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The Honolulu Advertiser
Posted on: Friday, November 2, 2007

New York sues appraiser for inflating house values

By Carrie Johnson
Washington Post

WASHINGTON New York's attorney general sued one of the country's largest mortgage appraisers yesterday for inflating house values, saying it would be the first in a series of cases to attack pervasive conflicts of interest that contributed to the housing crisis.

Andrew Cuomo filed civil charges against a subsidiary of First American Corp. for buckling under pressure from mortgage lender Washington Mutual, its top client, at the expense of as many as 262,000 consumers who may have purchased houses at artificially high prices since last year.

WaMu, as it is known, was not included in the lawsuit because of questions about state authority over federally chartered lending institutions.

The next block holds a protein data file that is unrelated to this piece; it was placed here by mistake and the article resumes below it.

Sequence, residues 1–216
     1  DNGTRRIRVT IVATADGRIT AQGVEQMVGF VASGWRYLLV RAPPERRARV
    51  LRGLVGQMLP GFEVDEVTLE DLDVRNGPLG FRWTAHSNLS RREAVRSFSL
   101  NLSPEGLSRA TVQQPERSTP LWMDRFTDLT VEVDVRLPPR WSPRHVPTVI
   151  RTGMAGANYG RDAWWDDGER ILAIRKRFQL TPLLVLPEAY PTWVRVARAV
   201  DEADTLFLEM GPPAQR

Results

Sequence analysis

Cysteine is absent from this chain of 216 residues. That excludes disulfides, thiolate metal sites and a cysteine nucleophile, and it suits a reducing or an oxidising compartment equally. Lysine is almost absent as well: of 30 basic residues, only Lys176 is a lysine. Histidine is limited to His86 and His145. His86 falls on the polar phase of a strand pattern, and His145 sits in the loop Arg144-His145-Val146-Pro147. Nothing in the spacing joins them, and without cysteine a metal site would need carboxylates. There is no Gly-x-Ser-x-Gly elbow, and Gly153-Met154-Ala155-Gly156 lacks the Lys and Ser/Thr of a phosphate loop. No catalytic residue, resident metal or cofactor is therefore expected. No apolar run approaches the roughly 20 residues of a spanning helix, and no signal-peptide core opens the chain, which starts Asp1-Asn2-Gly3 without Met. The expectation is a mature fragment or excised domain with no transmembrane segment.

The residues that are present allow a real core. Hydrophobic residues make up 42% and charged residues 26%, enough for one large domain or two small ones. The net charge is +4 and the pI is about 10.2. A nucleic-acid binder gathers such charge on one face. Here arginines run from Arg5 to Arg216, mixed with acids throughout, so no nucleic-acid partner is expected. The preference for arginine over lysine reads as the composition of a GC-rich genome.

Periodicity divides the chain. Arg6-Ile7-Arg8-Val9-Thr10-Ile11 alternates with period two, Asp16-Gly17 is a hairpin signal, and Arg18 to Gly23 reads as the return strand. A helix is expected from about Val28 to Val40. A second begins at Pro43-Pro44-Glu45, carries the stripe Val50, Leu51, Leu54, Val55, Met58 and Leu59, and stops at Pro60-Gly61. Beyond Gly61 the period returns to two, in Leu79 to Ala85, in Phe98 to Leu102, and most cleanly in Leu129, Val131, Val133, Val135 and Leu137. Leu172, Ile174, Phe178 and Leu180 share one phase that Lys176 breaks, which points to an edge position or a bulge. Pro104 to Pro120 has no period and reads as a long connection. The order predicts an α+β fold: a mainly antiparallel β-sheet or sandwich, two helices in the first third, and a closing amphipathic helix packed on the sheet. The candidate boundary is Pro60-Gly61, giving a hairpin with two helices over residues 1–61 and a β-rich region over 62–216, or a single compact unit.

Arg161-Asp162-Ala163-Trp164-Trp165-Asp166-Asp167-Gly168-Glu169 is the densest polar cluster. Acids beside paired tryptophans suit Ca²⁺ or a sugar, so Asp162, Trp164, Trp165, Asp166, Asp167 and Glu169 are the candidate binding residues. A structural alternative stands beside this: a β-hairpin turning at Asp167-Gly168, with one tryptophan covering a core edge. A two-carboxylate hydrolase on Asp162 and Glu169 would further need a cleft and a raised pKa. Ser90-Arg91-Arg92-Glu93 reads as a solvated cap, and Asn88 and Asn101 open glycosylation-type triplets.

Cuomo's investigation is likely to have national impact because of the prominence of his targets and his bully pulpit in the country's financial capital. Cuomo's conflict-of-interest settlement with Sallie Mae earlier this year was seen as a watershed in the investigation of the student loan industry. Action against First American, which provides title insurance, closing services, credit reports and home warranties in many states, comes after a nine-month investigation of fraudulent practices that injure both home buyers and investors.

"This is certainly not isolated to New York, and it's certainly not limited to this particular case," said Terry Dunkin, president of the Appraisal Institute, a professional organization that is working with Rep. Paul Kanjorski, D-Pa., on legislation that would increase penalties for appraisers who fail to maintain their independence and lenders who lean on them.

"It's an issue that competent, scrupulous appraisers have been dealing with for several years now," Dunkin said.

Appraisals are the bedrock of the housing industry, with lenders, brokers, real estate agents and home buyers all relying on their accuracy. With the credit and housing crunch likely to result in more than 2 million foreclosures, experts say that exaggerated home prices have contributed to the crisis.